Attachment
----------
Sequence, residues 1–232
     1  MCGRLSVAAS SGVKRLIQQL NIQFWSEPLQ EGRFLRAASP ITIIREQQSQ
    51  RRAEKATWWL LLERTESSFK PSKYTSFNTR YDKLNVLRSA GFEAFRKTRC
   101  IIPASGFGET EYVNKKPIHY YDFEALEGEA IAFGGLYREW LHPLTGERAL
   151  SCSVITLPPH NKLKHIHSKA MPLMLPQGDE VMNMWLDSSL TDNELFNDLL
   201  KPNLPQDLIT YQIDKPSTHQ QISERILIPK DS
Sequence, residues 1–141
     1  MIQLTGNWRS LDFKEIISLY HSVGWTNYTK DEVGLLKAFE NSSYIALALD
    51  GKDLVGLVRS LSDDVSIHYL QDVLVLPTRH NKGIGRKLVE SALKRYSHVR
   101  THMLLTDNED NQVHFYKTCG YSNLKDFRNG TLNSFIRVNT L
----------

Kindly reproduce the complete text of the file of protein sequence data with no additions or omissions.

Sequence, residues 1–232
     1  MCGRLSVAAS SGVKRLIQQL NIQFWSEPLQ EGRFLRAASP ITIIREQQSQ
    51  RRAEKATWWL LLERTESSFK PSKYTSFNTR YDKLNVLRSA GFEAFRKTRC
   101  IIPASGFGET EYVNKKPIHY YDFEALEGEA IAFGGLYREW LHPLTGERAL
   151  SCSVITLPPH NKLKHIHSKA MPLMLPQGDE VMNMWLDSSL TDNELFNDLL
   201  KPNLPQDLIT YQIDKPSTHQ QISERILIPK DS
Sequence, residues 1–141
     1  MIQLTGNWRS LDFKEIISLY HSVGWTNYTK DEVGLLKAFE NSSYIALALD
    51  GKDLVGLVRS LSDDVSIHYL QDVLVLPTRH NKGIGRKLVE SALKRYSHVR
   101  THMLLTDNED NQVHFYKTCG YSNLKDFRNG TLNSFIRVNT L